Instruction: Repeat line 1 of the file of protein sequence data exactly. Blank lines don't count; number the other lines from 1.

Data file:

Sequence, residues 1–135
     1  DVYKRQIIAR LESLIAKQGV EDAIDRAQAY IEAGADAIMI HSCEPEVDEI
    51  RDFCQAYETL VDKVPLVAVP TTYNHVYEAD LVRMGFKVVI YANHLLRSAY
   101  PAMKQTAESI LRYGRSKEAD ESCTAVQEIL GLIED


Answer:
Sequence, residues 1–135